- corn will be planted too late to produce trend-line yields.
An analysis conducted during the week of April 28 showed that with
projected usage, 89 million acres of corn producing at a trend-line
yield of about 155 bu./acre would give a barely adequate corn supply.
Price would likely remain in the $6 range. If 90 million acres are
planted and harvested at this trend-line yield, corn stocks would build
enough to bring corn prices down into the $5 range. For both models,
below trend-line yields resulted in higher corn prices. If corn acres
planted fall below 89 million acres, even with a trend-line yield, corn
prices would move up to a level that would ration the available supply.
No attempt was made to analyze the effect of unfavorable weather during
the growing season.
The conclusions here in early May are 89-90 million acres of corn need
to be planted, and soon, to optimize the crop’s yield potential. Then,
we will need good weather conditions throughout the growing season to
produce trend-line yields. With the 2007/08 carryover supply tightening,
there is no cushion to fall back on.
To continue reading this article on corn planting delays and their
potential impact on prices, click here: www.agmanager.info/marketing.
By Mike Woolverton, Kansas State
IMPACT® herbicide gives
you a new, and better way to look at broadleaf weeds and grasses in your
corn –– it’s Carcass Vision –– a proven performance
result from IMPACT. Seeing is Believing. See what IMPACT herbicide can
do for weed and grass control in your corn at www.impactherbicide.com.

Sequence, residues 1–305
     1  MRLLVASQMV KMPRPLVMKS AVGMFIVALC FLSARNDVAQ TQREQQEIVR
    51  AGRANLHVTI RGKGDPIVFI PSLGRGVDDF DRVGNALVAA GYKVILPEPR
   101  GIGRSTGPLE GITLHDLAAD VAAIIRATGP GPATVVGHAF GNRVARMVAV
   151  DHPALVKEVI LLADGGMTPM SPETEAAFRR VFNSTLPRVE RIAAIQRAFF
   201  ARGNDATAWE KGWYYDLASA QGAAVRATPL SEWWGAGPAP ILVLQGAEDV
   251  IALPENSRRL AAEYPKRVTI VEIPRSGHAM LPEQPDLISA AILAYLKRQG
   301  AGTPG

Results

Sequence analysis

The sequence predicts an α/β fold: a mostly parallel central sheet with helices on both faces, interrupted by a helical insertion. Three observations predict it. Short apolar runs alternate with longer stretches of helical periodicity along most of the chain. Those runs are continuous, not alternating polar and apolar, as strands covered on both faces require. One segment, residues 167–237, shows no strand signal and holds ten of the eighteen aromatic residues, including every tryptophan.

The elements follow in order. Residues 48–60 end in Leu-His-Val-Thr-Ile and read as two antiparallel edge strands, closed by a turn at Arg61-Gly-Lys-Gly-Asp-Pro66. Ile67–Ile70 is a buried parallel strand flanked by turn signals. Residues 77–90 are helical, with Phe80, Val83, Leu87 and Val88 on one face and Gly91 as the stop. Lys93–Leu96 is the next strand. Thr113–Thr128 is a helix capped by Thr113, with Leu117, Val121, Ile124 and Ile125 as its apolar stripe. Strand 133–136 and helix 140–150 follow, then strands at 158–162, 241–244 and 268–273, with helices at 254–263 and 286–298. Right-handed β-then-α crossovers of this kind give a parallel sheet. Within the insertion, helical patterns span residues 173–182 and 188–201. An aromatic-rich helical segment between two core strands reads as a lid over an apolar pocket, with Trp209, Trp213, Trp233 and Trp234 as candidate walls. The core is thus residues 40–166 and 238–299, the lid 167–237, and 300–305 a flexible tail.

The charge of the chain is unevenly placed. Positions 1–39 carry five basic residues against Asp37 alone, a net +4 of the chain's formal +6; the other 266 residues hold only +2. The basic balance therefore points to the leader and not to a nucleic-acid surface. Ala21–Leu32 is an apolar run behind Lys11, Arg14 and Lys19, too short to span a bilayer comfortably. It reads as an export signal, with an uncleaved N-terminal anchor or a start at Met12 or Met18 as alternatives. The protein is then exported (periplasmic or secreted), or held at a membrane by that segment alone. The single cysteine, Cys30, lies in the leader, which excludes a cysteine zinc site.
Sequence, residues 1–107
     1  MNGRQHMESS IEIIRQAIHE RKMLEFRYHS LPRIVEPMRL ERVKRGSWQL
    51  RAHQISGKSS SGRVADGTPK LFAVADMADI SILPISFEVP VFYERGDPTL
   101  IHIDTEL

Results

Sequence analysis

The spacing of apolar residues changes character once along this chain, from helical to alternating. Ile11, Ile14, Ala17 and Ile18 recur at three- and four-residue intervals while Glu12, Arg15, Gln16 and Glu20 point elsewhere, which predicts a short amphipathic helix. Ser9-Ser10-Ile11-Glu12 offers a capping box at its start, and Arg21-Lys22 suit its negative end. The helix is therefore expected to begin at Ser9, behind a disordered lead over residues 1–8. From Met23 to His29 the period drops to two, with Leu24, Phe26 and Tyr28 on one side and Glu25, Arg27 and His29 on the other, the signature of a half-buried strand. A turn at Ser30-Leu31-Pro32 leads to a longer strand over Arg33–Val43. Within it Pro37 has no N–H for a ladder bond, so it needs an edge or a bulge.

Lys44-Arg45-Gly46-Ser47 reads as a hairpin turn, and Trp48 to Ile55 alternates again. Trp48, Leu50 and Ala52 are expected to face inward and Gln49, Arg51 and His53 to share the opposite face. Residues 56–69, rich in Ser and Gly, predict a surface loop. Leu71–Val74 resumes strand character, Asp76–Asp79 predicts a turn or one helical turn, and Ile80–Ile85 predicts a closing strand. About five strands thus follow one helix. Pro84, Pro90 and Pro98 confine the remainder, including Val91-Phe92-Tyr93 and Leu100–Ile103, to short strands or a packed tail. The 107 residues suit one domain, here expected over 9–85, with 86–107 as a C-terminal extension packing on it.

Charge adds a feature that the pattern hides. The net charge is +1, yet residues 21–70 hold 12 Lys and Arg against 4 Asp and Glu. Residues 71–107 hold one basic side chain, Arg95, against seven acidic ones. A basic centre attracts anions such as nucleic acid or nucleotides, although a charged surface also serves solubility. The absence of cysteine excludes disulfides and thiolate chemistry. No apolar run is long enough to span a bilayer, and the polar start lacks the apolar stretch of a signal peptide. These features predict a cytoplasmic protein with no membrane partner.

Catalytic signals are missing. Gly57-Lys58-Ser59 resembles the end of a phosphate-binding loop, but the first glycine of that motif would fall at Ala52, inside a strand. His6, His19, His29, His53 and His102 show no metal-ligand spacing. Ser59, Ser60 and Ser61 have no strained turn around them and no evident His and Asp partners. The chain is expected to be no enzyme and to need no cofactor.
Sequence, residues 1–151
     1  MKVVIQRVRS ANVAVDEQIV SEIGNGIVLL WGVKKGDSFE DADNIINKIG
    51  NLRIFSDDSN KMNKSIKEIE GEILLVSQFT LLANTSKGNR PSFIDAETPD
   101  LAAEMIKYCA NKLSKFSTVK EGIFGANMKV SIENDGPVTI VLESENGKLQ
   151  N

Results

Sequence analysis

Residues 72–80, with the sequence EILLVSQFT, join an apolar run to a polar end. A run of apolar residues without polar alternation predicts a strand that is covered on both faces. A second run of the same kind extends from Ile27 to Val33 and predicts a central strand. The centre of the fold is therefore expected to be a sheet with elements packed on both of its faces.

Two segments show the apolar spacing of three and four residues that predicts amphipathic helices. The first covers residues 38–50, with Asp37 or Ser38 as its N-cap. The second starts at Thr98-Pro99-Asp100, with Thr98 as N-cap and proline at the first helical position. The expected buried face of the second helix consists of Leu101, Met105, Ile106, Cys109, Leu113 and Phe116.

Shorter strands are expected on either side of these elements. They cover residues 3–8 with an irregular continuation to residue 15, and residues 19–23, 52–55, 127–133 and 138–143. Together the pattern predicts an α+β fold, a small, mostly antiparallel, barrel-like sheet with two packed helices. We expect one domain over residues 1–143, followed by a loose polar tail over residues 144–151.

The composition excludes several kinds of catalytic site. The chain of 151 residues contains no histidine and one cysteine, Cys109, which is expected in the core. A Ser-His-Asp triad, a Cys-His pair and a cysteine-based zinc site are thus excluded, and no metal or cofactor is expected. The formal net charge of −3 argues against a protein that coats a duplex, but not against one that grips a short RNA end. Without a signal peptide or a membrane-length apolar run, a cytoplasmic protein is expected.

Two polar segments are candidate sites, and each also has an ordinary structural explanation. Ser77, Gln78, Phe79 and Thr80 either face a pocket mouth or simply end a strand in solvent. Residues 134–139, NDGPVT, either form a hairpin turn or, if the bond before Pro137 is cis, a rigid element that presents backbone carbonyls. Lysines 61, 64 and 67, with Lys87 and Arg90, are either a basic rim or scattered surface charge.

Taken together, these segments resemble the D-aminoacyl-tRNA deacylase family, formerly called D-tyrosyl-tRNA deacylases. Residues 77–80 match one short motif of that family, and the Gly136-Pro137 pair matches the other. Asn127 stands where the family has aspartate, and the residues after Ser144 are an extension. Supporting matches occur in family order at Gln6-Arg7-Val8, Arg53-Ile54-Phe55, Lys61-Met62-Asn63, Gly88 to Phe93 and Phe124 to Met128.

For Farm-Bill Override Votes
Farm bill negotiators and major farm organizations
have begun an intense effort to muster the 290 House votes needed to
override a promised veto of the 2008 Food, Conservation and Energy Act
Shortly after House and Senate Agriculture, Ways and Means and Finance
Committee leaders outlined the major features of the compromise
legislation at a news conference last Thursday afternoon, they and farm
groups began lobbying members of Congress to support it.
Any lingering doubts President Bush would veto the long-awaited 2008
Farm Bill were swept away when Agriculture Secretary Ed Schafer issued a
statement saying the president intended to do just that.
To continue reading this article about the 2008 Farm Bill, click here:
To read Schafer’s statement in opposition to the bill, click here: www.usda.gov/wps.
To read comments from the National Corn Growers Association in support
of the bill, click here: www.ncga.com/news.
To read comments from the American Farm Bureau in support of the bill,
click here: www.fb.org.
By Forrest Laws, Farm Press
Plan B For Nitrogen:
The cold, wet April has many Minnesota farmers
justifiably worried. They don’t want to do anything that might reduce
yield. So, getting corn planted as soon as the soil is fit is a major
concern. I suspect that there are farmers who must yet apply nitrogen
(N) and plant. These same individuals are probably wondering what to do
first. There are a couple of options that might be used to get around
the time jam. Both involve a switch from preplant to sidedress N. That
switch is really not all that bad.
Several research projects have focused on the time of N application over
the years. Perhaps, the most comprehensive project was conducted at the
Lamberton, MN, Experiment Station from the mid-1990’s through 2006.